He has to deal with the most frightening nature of the justice system facing the death penalty. There is a sense of judgment from the courtroom that because Steve is young and black, he is likely to have committed the crime in the eyes of the jurors because he has been arrested, and he must have done it because the police and the prosecution witnesses wouldn’t lie. In addition to this, Steve becomes very timid while filled with despair knowing that he has been accused of a crime he didn’t commit. He states early in the novel, “Sometimes I feel like I have walked into the middle of a movie. Maybe I can make my own movie.
DESCRIBE AND CRITICALLY EVALUATE ANY BIOLOGICAL THEORY OF VIOLENCE/HOMICIDE One of the main problems faced by criminologists is explaining why certain individuals commit crime and especially violent crime. Biological theories focus on the individual offender, positing an inherent predisposition towards criminality. Theories based on individual positivism fell out of favour in the early 20th century but have seen something of a resurgence in recent years due to the advances in genetics and this essay will explore whether there is a genetic contribution to crime through looking at twin studies. Twin studies involve the comparison of criminality among monozygotic (MZ) or identical twins and dizygotic (DZ) or non identical twins (Brookman, 2005). ‘Whereas MZ twins are identical in hereditary endowment, DZ twins are no more alike genetically than common siblings’ (Dolgard and Kringlen, 1976, p.213).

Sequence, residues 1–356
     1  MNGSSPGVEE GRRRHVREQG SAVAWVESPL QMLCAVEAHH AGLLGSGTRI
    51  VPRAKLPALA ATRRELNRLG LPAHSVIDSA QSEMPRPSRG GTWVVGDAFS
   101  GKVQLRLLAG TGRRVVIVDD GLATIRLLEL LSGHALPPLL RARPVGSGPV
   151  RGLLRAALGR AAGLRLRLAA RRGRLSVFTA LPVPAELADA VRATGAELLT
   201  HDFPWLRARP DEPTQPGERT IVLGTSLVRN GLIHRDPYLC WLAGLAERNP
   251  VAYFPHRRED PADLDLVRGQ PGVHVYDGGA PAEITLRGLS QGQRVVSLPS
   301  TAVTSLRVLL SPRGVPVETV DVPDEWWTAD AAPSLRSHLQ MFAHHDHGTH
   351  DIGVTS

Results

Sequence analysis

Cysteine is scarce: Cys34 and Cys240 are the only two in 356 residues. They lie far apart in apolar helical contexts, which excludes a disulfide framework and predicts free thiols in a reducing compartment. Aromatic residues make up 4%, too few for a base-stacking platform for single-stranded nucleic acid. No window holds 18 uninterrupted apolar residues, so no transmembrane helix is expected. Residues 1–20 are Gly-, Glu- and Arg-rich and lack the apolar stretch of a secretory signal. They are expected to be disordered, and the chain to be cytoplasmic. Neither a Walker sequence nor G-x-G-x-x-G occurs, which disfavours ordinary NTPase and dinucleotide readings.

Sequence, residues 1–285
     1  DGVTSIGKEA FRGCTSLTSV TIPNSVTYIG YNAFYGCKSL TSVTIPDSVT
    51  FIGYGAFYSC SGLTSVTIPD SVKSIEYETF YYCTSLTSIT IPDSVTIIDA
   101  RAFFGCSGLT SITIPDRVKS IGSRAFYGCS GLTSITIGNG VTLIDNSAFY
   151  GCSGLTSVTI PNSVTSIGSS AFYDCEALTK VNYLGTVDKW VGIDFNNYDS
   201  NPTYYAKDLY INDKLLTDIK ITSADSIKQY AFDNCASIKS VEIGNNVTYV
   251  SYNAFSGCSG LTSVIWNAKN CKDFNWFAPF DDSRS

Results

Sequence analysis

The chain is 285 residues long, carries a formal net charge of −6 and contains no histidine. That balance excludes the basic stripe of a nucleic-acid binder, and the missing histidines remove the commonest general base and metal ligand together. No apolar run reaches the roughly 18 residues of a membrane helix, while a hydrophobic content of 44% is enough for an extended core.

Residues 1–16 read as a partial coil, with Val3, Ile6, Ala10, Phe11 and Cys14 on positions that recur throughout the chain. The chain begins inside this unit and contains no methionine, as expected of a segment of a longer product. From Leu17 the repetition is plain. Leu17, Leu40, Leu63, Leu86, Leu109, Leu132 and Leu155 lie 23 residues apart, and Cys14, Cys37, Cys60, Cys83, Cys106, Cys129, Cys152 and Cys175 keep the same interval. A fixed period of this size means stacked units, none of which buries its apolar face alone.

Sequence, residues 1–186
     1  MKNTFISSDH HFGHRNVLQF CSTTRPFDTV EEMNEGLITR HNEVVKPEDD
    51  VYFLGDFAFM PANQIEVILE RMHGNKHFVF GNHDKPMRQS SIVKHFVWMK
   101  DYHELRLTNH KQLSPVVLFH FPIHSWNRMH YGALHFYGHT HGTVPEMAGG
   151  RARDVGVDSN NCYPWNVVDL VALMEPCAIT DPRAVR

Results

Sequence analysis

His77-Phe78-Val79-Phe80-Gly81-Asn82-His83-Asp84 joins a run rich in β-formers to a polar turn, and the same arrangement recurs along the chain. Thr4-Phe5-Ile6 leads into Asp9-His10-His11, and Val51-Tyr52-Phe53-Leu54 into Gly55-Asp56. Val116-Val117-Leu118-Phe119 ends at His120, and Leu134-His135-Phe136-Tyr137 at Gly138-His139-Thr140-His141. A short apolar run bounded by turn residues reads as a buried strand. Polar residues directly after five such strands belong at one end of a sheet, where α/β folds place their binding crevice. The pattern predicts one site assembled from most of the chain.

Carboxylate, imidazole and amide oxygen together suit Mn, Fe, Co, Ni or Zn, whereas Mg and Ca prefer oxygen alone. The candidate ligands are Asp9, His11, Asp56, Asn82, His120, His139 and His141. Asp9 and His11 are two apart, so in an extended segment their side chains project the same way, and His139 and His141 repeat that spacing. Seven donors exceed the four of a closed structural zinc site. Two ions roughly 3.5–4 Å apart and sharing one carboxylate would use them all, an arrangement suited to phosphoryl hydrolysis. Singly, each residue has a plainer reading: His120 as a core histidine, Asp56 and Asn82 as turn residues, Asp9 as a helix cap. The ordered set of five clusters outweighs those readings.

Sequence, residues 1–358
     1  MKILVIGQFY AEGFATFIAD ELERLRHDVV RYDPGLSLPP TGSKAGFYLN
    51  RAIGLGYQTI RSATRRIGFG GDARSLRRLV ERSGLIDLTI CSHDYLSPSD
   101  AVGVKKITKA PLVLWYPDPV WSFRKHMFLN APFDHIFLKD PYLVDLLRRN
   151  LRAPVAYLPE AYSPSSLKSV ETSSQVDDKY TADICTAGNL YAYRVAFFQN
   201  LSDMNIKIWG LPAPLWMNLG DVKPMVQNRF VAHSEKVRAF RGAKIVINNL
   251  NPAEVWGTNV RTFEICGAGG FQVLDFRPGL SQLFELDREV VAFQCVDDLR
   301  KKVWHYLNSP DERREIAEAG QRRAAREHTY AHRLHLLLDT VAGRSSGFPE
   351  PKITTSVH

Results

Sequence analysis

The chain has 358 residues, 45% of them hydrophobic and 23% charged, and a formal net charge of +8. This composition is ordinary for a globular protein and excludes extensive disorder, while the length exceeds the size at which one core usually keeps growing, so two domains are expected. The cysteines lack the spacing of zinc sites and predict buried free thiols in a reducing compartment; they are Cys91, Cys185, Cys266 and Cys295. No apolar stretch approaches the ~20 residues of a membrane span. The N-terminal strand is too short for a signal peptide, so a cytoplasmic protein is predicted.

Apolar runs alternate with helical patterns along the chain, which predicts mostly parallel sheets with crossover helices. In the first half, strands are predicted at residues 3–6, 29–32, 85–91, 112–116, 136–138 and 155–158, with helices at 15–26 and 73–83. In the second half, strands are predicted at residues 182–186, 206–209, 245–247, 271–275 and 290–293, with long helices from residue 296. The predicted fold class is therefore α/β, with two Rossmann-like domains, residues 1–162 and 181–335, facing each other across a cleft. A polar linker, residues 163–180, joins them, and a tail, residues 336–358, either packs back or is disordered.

Ethical Considerations for the Investigator and Prosecutor in Homicide and Rape The investigator and prosecutor play very critical roles, roles that are only fairly fulfilled if all parties are as ethical as possible. Failing to act ethically can lose a case, set a criminal free or could even mean someone innocent going to prison. While ethics in every single type of case are important we are going to examine homicide and rape. Both homicide and rape leave the public hungry for answers. We must be sure that finding those answers are done ethically from the crime scene to trial.
The Ineffectiveness of Sex Offender Registration Laws Using Labeling and Social Disorganisation Theories. Name: Jasmine Jovcic Course: Bachelor of Criminology Unit: CRM 206: Criminology Unit Coordinator: Guy Hall Submitted: 3rd of October, 2012 Word Count: 1 900 The Ineffectiveness of Sex Offender Registration Laws Using Labeling and Social Disorganisation Theories. Laws such as Megan’s laws arise in the presence of a growingly concerned community in the face of sex crimes. This increases demand for a more intense measure to punish and monitor the offender, as well as provide the community with the ability to protect itself and the children in it from becoming victims. With legislative changes around the world including that of Megan’s law in the United States of America (USA) and Sarah’s Law in England, it is no surprise that states around Australia, including Western Australia (WA) are following in the lead.
In the book The Condemnation of Little B, Brown's central theses is the criminal justice system. Throughout the book the one argument she is constantly supporting is the idea that young black boys, in their early teens, are arrested and put through the criminal justice system in a new age version of lynch-mob justice. The alleged crimes of these young black boys recieve much media fanfare, but when they are cleared of any wrong-doing nothing is said about it in the media. She makes her arguments by using the story of Little B as a frame